If you add chelated minerals to the soil, you can build up your mineral stores and then they are available when plants need them, but still bound so that they are less likely to leach out. How to make your own chelated fertilizers? Here's a shameless plug for another post of mine on this topic.
 
George Meljon
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Location: Southern Indiana zone 5b
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John Elliott wrote:They can be very important and lack of a specific micronutrient can make or break a crop. Jared Diamond, in one of his books, talks about how minerals get distributed worldwide by volcanic eruptions bringing up new minerals from the Earth's crust. He goes on to point out that Australia has mineral poor soils. Why? Because they are not downwind from any volcanic eruptions that would deposit more ash on the continent. It is an old continent that has no new minerals coming up from below and all that makes it in the winds across the Pacific is rainfall.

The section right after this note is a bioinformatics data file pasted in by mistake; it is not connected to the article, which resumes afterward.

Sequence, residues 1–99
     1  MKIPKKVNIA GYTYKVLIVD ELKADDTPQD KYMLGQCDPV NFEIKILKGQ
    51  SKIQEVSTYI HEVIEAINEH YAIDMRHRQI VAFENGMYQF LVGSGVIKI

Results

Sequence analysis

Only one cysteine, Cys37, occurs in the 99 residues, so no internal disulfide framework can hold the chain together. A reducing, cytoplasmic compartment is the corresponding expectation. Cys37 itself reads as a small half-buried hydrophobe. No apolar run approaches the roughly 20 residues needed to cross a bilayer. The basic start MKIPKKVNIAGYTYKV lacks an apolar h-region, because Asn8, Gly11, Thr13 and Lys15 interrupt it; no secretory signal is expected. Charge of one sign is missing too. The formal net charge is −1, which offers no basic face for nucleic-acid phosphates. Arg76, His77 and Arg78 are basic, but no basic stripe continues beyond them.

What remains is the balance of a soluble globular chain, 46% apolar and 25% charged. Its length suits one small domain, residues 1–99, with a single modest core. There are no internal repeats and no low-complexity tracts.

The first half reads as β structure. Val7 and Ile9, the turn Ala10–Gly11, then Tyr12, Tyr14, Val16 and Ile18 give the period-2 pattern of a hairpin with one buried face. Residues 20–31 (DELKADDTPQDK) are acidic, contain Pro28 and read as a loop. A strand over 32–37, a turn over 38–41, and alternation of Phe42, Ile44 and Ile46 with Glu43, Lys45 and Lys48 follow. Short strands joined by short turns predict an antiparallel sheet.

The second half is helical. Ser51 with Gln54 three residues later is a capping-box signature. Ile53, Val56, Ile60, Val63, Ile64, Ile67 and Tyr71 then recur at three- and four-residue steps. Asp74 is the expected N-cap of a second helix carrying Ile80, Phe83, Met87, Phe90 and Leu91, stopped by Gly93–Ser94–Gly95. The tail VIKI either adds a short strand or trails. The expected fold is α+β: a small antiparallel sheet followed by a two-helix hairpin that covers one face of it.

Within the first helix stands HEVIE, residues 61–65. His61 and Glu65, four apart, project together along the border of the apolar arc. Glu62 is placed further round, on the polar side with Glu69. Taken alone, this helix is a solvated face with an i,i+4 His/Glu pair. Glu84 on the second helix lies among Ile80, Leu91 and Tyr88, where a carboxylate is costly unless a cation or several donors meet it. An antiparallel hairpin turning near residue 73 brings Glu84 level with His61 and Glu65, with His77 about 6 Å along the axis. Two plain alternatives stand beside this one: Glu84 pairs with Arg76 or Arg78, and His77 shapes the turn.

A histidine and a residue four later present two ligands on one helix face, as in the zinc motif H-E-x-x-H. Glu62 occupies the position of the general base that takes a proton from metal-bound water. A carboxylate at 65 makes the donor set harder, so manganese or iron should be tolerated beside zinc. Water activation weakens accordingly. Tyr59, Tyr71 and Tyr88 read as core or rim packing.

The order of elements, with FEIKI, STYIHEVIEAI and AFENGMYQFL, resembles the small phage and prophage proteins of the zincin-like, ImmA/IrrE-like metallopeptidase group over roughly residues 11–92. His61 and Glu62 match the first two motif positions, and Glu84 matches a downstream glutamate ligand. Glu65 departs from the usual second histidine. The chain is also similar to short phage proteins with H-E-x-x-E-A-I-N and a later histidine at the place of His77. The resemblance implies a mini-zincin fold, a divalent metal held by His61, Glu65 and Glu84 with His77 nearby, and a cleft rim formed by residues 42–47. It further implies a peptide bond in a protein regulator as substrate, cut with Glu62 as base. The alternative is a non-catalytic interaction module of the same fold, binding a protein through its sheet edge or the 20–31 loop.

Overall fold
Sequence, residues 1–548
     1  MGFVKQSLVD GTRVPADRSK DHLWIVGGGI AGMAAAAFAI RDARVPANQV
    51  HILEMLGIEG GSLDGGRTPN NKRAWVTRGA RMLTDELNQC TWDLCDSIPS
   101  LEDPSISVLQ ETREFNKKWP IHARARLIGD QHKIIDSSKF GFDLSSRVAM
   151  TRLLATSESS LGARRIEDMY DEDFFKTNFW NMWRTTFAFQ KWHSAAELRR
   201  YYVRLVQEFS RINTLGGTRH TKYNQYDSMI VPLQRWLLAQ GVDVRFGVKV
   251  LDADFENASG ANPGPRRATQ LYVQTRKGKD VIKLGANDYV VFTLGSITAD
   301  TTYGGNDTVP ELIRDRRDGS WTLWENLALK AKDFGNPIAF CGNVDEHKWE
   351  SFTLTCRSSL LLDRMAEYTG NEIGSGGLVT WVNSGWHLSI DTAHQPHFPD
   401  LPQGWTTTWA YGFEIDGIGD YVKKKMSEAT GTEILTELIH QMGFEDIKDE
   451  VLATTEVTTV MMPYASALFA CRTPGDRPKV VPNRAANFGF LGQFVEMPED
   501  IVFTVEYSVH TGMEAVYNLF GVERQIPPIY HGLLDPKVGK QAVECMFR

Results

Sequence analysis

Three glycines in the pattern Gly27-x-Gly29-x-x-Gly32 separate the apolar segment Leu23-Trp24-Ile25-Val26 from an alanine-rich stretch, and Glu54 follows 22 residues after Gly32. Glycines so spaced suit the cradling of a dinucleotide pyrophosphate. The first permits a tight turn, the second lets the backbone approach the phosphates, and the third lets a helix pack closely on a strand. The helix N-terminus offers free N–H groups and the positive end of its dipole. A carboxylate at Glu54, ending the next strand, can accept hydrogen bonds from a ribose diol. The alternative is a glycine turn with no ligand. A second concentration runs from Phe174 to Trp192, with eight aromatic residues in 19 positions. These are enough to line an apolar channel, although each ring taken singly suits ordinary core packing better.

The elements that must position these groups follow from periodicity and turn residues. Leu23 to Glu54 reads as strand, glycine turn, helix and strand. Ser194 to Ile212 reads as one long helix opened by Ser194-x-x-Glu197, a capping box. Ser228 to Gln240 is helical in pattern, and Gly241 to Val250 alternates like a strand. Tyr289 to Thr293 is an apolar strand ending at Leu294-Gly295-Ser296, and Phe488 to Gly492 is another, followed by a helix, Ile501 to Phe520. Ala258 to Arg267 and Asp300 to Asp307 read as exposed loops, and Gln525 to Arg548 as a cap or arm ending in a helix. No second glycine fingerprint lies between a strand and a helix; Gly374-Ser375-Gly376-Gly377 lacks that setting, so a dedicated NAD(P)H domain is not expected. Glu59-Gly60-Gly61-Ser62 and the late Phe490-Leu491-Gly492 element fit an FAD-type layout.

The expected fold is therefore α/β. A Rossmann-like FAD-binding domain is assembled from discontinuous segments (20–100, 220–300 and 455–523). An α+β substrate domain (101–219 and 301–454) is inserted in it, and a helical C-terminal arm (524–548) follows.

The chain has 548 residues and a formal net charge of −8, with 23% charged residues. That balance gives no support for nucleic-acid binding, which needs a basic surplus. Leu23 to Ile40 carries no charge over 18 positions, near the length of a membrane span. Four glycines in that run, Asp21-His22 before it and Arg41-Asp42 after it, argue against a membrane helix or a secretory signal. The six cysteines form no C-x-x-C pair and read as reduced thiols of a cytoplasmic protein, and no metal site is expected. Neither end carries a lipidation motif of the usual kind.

You're right to observe that each truckload of produce that leaves the farm takes some of the soil minerals with them. Now if you are bringing in wood chips and manures and biomass (like dead animal carcasses, especially the bones) to build hugelkulturs, maybe you are compensating for some of this, but you don't really know until you do a complete chemical analysis. Not just of N,P, and K, but B, Ca, Co, Fe, Mg, Mn, Mo, and Zn. Some Agricultural Extension services provide these analyses for reasonable cost. When mineral deficiencies show up, it's pretty much too late for the current growing season and you have to figure out how you are going to apply the micronutrient so that it has time to get incorporated into the soil for the next year. Some soil minerals are not that labile, for instance B, and if you are trying to grow fruit trees in B-poor soil, you need to be making foliar applications at crucial times, like right before flowering.

If you add chelated minerals to the soil, you can build up your mineral stores and then they are available when plants need them, but still bound so that they are less likely to leach out. How to make your own chelated fertilizers? Here's a shameless plug for another post of mine on this topic.